Thursday, April 4, 2013

What it means to be a "patient stakeholder"

Greetings from Baltimore, Maryland! I just finished a full day of reviewing grants as a patient stakeholder for the Patient Centered Outcomes Research Institute--aka PCORI. PCORI funds biomedical research, much like the National Institutes of Health, but as its name implies, the research it funds is uniquely "patient centered." What does that mean? Proposals are critiqued not just on their scientific merit but also on their involvement of patients in the research process and their likelihood of solving problems patients identify as most important. Each grant submitted to PCORI is reviewed by both scientists and at least one patient, which is why I had the opportunity to participate in a scientific review process that is typically limited to MDs and PhDs.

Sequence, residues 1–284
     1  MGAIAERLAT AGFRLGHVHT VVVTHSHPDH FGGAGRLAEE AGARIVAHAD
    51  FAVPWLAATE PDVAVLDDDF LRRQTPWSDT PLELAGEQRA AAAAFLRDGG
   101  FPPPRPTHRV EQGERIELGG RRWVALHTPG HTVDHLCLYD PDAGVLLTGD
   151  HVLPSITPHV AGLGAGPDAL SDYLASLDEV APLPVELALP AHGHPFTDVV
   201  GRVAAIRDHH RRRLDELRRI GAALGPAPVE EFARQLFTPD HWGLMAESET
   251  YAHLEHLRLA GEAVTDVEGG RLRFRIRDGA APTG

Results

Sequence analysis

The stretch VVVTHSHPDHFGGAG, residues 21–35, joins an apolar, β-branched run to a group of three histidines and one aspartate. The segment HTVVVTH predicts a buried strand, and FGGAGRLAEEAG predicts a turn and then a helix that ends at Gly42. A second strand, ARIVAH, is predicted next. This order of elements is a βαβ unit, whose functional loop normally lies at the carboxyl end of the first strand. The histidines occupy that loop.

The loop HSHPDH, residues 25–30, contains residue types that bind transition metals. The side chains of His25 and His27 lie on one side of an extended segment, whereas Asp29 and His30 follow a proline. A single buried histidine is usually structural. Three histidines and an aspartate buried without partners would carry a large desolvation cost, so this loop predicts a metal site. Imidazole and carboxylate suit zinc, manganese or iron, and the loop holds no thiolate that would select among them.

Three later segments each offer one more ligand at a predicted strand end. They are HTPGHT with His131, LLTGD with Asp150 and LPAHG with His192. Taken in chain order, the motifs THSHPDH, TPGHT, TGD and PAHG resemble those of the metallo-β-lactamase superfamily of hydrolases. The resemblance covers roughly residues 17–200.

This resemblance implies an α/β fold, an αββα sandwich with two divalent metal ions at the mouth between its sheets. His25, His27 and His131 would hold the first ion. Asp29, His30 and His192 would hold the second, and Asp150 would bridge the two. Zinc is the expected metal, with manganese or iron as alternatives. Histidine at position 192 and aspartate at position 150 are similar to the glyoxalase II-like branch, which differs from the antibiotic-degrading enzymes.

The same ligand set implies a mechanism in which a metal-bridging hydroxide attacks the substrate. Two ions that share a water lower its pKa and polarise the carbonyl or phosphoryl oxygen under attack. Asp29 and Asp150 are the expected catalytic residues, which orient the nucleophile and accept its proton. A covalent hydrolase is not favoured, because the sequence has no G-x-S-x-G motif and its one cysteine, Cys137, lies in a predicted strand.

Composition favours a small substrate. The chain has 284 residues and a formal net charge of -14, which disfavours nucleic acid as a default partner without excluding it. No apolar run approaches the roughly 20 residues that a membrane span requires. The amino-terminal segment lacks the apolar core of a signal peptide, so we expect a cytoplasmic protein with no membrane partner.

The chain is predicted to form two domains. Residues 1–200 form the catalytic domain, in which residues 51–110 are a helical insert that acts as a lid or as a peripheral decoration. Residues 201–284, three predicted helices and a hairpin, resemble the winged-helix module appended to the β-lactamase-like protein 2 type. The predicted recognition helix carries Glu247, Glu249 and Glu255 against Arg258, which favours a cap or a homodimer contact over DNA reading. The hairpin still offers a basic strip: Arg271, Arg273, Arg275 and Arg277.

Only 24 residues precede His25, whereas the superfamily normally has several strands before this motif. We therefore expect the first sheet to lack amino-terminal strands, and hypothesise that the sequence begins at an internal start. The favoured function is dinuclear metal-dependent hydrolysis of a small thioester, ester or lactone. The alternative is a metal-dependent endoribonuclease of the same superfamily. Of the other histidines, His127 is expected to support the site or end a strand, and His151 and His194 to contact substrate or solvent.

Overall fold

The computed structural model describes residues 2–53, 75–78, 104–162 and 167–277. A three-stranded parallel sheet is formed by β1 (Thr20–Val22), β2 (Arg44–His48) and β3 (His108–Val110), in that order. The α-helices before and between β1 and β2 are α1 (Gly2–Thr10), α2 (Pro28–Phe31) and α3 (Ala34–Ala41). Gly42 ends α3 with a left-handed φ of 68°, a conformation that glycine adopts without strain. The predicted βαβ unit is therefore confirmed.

The whole process has been fascinating to me. I do have quite extensive experience working with scientists and reading grant proposals--when I'm not blogging, I manage the Research Funding & Development Services program at Oregon Health & Science University. That said, I'm not a scientist. I may help scientists find grants to apply for and advise on writing, but I've never had the opportunity to review a grant for a public or private entity before. In summary, the experience was incredibly rewarding and informative. I encourage anyone who is interested to apply to be a patient or stakeholder reviewer. It's a pretty hefty time commitment, but I know a few fellow health advocates who I think would make tremendous contributions as a reviewer. Feel free to email me if you're considering applying--I'd be happy to answer any questions you have.